Inside was warm, but not as warm as I would have liked. An electric fire crackled merrily behind the bar. Two lights swung above the room, one above the bistro area, one in the bar area. I wondered where they got the electricity from. There were people inside when I came in, tall, gaunt fellows who sat around nursing clear spirits. The lone waiter and the restaurant manager, in contrast, looked mighty well-fed. Around the bare room were pasted posters, large coarse ones with messages like "GOOD GOING" and "ALL THE SAME TO US" imprinted in large block letters on them, and the bistro was creaking like a house in storm.

The waiter didn't budge. I knew he knew I had come. He lounged at the corner studying me. At length I could hardly stand my hunger and thirst and approached the waiter on weak legs. "Excuse me," I began. The waiter showed no sign of having heard. I went on anyway. "Some water, please, and a sandwich."

At length he turned toward me. "Scrawny looking thing, aren't ya?" Mystified and affronted, I said nothing. "I'll get'cha what ya want. Just be sure ya don't mess up the place, like, by pissin' all ovah the floor like. I know you. Ya do that all the bloomin' time."

I turned tail and headed towards the manager. Surely an explanation is not required. But the manager is already waiting for me, hefting an axe. "I most heartily express my disgust at your employee over there," I said, pointing to the retreating waiter. But the manager only smiles, walrus moustache bouncing away. "And why do you think he would rectify his behaviour, peon?"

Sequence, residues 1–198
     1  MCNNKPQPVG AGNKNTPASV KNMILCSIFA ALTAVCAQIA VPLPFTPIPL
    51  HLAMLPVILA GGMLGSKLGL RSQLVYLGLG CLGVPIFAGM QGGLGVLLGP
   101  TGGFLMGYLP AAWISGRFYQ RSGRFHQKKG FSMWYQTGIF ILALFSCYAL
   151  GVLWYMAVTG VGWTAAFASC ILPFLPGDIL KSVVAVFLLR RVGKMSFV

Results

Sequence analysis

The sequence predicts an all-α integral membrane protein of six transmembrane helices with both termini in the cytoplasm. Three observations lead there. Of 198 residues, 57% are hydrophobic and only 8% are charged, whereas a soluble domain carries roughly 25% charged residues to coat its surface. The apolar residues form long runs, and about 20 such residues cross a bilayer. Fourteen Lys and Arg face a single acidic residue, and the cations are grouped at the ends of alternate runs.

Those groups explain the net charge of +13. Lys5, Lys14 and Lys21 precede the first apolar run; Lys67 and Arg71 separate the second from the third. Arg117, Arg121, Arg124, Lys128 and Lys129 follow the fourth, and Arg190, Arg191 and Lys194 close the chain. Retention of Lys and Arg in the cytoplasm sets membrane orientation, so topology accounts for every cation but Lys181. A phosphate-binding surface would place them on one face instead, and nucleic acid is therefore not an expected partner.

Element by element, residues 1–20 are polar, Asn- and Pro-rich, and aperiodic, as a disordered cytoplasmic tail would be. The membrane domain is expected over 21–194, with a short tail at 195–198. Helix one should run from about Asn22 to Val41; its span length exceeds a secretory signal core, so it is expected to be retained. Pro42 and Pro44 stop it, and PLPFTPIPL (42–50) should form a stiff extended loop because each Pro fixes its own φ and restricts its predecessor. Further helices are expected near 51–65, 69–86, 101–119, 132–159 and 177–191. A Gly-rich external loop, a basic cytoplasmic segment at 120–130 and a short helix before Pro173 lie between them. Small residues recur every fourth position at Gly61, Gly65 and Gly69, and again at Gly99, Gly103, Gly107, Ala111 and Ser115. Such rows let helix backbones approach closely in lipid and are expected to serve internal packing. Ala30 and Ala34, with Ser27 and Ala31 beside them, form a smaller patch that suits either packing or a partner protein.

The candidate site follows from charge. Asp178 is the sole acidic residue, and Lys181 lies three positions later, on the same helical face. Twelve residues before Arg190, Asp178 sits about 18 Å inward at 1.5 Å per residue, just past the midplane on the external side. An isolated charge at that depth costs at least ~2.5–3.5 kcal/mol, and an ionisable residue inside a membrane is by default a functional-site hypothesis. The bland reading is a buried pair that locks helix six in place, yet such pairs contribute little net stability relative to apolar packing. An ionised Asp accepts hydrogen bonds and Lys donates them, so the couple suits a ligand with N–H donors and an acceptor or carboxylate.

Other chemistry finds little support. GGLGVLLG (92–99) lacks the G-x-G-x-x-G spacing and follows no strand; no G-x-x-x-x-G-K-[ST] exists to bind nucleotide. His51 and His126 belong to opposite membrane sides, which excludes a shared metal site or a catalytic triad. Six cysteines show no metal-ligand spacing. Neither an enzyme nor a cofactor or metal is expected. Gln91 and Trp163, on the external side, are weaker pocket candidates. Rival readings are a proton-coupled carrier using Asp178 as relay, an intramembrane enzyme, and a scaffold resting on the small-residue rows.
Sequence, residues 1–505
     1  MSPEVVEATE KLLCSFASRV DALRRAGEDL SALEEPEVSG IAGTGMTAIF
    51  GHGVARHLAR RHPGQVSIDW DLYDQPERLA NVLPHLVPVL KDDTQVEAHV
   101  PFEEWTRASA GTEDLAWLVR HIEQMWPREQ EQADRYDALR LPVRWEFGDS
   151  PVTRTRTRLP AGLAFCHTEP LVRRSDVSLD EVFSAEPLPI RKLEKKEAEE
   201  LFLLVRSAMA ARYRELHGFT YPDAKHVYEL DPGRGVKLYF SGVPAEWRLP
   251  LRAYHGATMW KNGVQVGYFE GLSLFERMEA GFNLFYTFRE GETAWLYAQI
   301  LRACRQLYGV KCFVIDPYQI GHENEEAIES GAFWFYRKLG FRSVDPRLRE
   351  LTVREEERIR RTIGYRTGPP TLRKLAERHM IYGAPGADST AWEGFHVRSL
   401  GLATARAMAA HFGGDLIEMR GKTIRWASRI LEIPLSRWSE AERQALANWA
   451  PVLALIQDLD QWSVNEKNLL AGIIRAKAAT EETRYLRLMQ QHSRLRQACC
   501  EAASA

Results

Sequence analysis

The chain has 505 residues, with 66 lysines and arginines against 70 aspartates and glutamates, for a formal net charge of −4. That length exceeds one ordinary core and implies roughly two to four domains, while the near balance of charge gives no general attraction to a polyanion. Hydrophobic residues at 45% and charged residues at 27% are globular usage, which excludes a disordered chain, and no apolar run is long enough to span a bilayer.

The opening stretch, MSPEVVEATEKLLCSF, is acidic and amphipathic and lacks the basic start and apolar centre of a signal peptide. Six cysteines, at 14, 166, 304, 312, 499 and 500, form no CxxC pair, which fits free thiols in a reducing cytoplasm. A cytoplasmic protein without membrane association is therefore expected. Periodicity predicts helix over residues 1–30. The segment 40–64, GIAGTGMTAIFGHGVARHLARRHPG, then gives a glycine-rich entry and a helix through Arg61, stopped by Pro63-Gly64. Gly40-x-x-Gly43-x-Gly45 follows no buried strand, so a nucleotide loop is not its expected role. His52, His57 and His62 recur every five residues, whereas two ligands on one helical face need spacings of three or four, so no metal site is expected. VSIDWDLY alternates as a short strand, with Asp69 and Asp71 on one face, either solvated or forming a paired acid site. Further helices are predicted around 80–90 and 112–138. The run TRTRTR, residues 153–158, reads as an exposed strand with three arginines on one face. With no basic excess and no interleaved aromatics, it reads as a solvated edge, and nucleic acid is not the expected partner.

I sputtered.

Menacingly, the manager grins at me. "You're all the same to us, see? Who cares about you, when we have so many others to use? Why should we extend services to you, you with your decadence?"

This is obvious to me. "Because you will have no customers. They will leave you for better alternatives. We deserve better than this!"

"Is it indeed? Look around you." The manager smiles. "Remember how you came. Look around you! Look at the wilderness of the world, lost among the uncaring universe. Do you honestly think, in all seriousness, that there are...alternatives?"


Wednesday, March 22, 2006

A Mun of Fun!

Apart from being the, and I quote, "largest collection of white tits and ass you'll ever find" (no prize for guessing who said it), SiMUN was actually quite a lot of fun. Especially because among the (very many) white asses were those belonging to our dear friends from RJ, who could quite possibly rank among the coolest Rafflesians on the planet.